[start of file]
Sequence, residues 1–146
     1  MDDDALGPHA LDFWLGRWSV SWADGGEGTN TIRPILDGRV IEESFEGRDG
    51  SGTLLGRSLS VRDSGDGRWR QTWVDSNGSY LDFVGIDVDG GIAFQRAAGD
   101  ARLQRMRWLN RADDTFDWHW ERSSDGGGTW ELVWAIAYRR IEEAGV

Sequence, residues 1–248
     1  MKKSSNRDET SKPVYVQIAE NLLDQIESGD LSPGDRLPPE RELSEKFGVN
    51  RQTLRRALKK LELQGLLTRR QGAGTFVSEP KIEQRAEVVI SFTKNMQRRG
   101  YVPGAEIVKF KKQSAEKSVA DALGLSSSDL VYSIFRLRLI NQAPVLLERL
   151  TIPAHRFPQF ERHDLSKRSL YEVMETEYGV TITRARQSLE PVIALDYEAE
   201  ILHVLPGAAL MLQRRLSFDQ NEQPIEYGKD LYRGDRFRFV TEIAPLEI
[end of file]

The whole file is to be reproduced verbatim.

Sequence, residues 1–146
     1  MDDDALGPHA LDFWLGRWSV SWADGGEGTN TIRPILDGRV IEESFEGRDG
    51  SGTLLGRSLS VRDSGDGRWR QTWVDSNGSY LDFVGIDVDG GIAFQRAAGD
   101  ARLQRMRWLN RADDTFDWHW ERSSDGGGTW ELVWAIAYRR IEEAGV

Sequence, residues 1–248
     1  MKKSSNRDET SKPVYVQIAE NLLDQIESGD LSPGDRLPPE RELSEKFGVN
    51  RQTLRRALKK LELQGLLTRR QGAGTFVSEP KIEQRAEVVI SFTKNMQRRG
   101  YVPGAEIVKF KKQSAEKSVA DALGLSSSDL VYSIFRLRLI NQAPVLLERL
   151  TIPAHRFPQF ERHDLSKRSL YEVMETEYGV TITRARQSLE PVIALDYEAE
   201  ILHVLPGAAL MLQRRLSFDQ NEQPIEYGKD LYRGDRFRFV TEIAPLEI